Cancer incidence in northern Sweden before and after the Chernobyl nuclear power plant accident
2014 (English)In: Radiation and Environmental Biophysics, ISSN 0301-634X, E-ISSN 1432-2099, Vol. 53, no 3, 495-504 p.Article in journal (Refereed) Published
Sweden received about 5 % of the total release of Cs-137 from the Chernobyl nuclear power plant accident in 1986. The distribution of the fallout mainly affected northern Sweden, where some parts of the population could have received an estimated annual effective dose of 1-2 mSv per year. It is disputed whether an increased incidence of cancer can be detected in epidemiological studies after the Chernobyl nuclear power plant accident outside the former Union of Soviet Socialist Republics. In the present paper, a possible exposure-response pattern between deposition of Cs-137 and cancer incidence after the Chernobyl nuclear power plant accident was investigated in the nine northernmost counties of Sweden (2.2 million inhabitants in 1986). The activity of Cs-137 from the fallout maps at 1986 was used as a proxy for the received dose of ionizing radiation. Diagnoses of cancer (ICD-7 code 140-209) from 1980 to 2009 were received from the Swedish Cancer Registry (273,222 cases). Age-adjusted incidence rate ratios, stratified by gender, were calculated with Poisson regression in two closed cohorts of the population in the nine counties 1980 and 1986, respectively. The follow-up periods were 1980-1985 and 1986-2009, respectively. The average surface-weighted deposition of Cs-137 at three geographical levels; county (n = 9), municipality (n = 95) and parish level (n = 612) was applied for the two cohorts to study the pre- and the post-Chernobyl periods separately. To analyze time trends, the age-standardized total cancer incidence was calculated for the general Swedish population and the population in the nine counties. Joinpoint regression was used to compare the average annual percent change in the general population and the study population within each gender. No obvious exposure-response pattern was seen in the age-adjusted total cancer incidence rate ratios. A spurious association between fallout and cancer incidence was present, where areas with the lowest incidence of cancer before the accident coincidentally had the lowest fallout of Cs-137. Increasing the geographical resolution of exposure from nine county averages to 612 parish averages resulted in a two to three times higher value of variance in the regression model. There was a secular trend with an increase in age-standardized incidence of cancer in both genders from 1980 to 2009, but significant only in females. This trend was stronger and statistically significant for both genders in the general Swedish population compared to the nine counties. In conclusion, using both high quality cancer registry data and high resolution exposure maps of Cs-137 deposition, it was not possible to distinguish an effect of Cs-137 on cancer incidence after the Chernobyl nuclear power plant accident in Sweden.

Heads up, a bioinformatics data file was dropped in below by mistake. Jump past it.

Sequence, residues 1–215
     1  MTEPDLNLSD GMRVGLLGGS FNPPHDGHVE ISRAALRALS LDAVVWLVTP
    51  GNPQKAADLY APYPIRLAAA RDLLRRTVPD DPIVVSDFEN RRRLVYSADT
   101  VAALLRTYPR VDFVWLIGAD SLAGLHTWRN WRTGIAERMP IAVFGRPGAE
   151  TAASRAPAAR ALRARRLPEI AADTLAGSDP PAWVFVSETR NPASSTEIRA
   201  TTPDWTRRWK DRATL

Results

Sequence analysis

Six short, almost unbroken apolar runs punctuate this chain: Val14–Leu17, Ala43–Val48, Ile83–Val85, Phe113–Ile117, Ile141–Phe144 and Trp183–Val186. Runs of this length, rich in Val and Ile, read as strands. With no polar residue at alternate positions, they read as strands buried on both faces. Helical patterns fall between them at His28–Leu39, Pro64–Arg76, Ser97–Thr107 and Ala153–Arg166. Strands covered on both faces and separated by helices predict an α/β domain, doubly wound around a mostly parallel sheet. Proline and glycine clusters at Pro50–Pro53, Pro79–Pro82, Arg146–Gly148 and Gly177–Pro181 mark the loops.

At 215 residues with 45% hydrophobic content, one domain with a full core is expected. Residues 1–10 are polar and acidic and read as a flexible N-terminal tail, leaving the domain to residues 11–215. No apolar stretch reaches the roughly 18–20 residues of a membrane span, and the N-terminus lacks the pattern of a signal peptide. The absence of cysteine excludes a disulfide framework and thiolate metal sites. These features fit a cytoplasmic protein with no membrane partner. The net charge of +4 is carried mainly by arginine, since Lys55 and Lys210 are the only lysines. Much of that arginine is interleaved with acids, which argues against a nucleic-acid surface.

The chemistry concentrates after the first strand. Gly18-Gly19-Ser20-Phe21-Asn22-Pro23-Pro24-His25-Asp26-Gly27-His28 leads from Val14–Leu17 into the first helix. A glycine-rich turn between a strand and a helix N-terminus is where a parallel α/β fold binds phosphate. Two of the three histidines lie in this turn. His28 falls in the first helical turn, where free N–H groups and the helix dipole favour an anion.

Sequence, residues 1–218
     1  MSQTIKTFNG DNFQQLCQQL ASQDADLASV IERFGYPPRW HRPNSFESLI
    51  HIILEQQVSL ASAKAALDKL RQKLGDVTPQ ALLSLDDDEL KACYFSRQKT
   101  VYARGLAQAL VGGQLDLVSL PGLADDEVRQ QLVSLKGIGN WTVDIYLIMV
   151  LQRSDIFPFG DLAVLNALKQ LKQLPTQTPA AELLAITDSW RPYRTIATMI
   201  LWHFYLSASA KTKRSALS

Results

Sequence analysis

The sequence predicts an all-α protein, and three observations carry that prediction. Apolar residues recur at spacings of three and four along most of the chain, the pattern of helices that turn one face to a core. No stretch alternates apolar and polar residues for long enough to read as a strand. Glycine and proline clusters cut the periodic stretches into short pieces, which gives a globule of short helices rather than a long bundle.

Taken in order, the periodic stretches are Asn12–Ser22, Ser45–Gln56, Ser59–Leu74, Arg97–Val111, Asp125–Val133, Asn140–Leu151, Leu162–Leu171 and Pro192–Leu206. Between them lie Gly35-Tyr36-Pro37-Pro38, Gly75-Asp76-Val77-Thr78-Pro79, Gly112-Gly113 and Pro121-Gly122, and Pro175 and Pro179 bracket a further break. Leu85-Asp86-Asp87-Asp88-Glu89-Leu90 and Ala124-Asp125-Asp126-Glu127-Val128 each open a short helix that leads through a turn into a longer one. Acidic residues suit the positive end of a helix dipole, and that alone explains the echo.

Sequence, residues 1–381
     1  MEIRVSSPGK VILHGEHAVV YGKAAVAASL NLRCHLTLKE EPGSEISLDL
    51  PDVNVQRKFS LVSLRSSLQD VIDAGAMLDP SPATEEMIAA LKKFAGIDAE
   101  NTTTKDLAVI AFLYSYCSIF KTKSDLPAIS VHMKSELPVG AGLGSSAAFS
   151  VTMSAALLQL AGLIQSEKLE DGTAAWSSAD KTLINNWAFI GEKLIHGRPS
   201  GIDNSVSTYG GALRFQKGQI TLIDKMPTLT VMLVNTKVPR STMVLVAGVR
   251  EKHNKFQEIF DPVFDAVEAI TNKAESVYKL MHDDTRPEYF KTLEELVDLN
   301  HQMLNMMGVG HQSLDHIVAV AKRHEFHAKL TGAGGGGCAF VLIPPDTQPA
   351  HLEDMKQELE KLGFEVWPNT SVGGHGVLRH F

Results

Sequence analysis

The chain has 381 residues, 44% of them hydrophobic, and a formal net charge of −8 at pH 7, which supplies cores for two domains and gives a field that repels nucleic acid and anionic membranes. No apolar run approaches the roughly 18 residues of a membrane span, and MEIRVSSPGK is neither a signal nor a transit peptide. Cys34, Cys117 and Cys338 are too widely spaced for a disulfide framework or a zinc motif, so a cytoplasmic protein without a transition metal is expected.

Place, publisher, year, edition, pages
2014. Vol. 53, no 3, 495-504 p.
Cancer, Cesium-137, Chernobyl, Ecological study, Environment, Epidemiology, Ionizing radiation, Nuclear accident, Radiation, Sweden
Environmental Health and Occupational Health
IdentifiersURN: urn:nbn:se:uu:diva-231289DOI: 10.1007/s00411-014-0545-6ISI: 000339898300003PubMedID: 24811728OAI: oai:DiVA.org:uu-231289DiVA: diva2:744529